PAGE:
1.1 Proposition I

An early critical element in the definition of the ecological model is experience. The term is used to indicate that the scientifically relevant features of any environment for human development include not only its objective properties but also the way in which these properties are subjectively experienced by the persons living in that environment. This equal emphasis on an ‘experiential’ as well as an ‘objective’ view springs neither from any antipathy to behaviorist concepts, nor from a predilection for existential philosophical foundations. It is dictated simply by a hard fact. Very few of the external influences significantly affecting human behavior and development can be described solely in terms of objective physical conditions and events (Bronfenbrenner and Evans 2000, Bronfenbrenner and Morris 1998).

A critical term in the foregoing formulation is the word ‘solely.’ In the bioecological model, both objective and subjective elements are posited as driving the course of human development; neither alone is presumed sufficient. Moreover, these elements do not always operate in the same direction. It is therefore important to understand the nature of each of these two dynamic forces, beginning on the phenomenological or experiential side. Both of the underlined terms are relevant because, while related to each other, they are typically applied to somewhat different spheres. The former is more often used in relation to cognitive development and pertains mainly to changes in how the environment is perceived at successive stages of the life course, beginning in early infancy and proceeding through childhood, adolescence, adulthood, and, ultimately, old age.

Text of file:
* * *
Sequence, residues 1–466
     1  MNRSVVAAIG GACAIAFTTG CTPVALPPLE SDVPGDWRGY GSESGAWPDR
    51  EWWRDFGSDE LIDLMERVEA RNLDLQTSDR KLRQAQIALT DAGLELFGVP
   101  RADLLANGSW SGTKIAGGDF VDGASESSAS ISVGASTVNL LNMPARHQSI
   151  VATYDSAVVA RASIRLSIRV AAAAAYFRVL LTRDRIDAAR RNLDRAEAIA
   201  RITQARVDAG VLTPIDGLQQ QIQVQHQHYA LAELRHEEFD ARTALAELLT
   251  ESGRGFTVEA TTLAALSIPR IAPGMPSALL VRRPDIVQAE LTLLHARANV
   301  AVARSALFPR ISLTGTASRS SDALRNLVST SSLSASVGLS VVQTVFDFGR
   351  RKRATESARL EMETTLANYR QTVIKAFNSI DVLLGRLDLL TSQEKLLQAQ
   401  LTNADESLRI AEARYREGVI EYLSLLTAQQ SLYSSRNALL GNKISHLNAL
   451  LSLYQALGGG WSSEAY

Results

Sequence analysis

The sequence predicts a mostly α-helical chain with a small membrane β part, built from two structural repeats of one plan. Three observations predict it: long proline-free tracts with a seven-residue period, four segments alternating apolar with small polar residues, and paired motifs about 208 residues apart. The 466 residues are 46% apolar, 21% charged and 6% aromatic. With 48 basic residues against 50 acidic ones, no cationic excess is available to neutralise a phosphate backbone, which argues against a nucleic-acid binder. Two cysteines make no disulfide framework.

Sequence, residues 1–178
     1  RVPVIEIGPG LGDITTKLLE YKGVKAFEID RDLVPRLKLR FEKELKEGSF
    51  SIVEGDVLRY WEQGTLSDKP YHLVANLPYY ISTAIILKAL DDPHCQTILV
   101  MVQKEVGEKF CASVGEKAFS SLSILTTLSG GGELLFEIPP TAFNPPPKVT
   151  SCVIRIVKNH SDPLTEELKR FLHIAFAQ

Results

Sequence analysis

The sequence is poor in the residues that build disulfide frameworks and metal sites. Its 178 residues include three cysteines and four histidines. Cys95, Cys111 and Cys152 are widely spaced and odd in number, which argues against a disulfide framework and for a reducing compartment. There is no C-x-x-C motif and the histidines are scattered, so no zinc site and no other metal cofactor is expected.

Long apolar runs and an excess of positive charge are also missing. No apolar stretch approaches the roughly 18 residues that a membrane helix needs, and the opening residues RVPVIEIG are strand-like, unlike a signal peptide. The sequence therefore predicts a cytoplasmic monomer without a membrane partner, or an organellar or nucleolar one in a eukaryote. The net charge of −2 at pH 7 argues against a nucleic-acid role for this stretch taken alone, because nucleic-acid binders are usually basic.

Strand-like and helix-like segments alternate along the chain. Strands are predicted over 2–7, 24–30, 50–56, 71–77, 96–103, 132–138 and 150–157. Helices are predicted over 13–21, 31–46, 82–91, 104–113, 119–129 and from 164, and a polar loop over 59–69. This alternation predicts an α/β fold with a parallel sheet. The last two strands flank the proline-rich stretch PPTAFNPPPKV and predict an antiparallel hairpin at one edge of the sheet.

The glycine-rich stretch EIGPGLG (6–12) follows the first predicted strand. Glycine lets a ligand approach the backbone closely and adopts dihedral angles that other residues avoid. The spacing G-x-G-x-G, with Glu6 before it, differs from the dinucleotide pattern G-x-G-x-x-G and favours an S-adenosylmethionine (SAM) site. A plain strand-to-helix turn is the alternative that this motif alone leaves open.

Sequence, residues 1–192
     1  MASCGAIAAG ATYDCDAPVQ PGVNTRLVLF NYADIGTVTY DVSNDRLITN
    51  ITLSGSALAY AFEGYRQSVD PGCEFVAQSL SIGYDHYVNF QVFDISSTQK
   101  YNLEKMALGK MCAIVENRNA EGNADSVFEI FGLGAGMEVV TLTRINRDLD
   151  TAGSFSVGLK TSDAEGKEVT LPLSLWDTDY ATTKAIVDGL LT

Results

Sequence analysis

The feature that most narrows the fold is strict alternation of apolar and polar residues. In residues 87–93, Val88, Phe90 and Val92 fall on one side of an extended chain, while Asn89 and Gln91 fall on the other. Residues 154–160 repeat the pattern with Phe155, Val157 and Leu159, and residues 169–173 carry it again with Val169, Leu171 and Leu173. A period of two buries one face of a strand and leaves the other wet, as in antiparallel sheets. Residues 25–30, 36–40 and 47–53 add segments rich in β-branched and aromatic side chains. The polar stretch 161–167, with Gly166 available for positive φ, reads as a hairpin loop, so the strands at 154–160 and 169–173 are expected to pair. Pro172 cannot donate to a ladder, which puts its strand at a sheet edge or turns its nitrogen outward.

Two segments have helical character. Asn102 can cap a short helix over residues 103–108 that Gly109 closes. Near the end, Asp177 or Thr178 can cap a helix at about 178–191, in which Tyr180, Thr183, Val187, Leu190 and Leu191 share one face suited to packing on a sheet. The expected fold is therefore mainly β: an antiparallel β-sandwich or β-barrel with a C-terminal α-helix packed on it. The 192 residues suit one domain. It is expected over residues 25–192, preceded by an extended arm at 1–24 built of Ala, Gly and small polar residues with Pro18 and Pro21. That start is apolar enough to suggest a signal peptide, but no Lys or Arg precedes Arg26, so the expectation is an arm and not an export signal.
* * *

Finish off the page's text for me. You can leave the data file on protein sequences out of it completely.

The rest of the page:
By contrast, ‘experience’ pertains more to the realm of feelings; for example, anticipations, forebodings, hopes, doubts, or personal beliefs. These too, emerge in early childhood, continue through life, and are characterized by both stability and change. They can relate to self or to others, and especially to family, friends, and other close associates. They can also apply to the activities in which one engages; for example, those that one most or least likes to do. But the most distinctive feature of such experiential qualities is that they are ‘emotionally and motivationally-loaded’, encompassing both love and hate, joy and sorrow, curiosity and boredom, desire and revulsion, often with both polarities existing at the same time but usually in differing degrees. A significant body of research evidence indicates that such positive and negative subjective forces, evolving in the past, can also contribute in powerful ways to shaping the course of development in the future (Bronfenbrenner and Evans 2000, Bronfenbrenner and Morris 1998).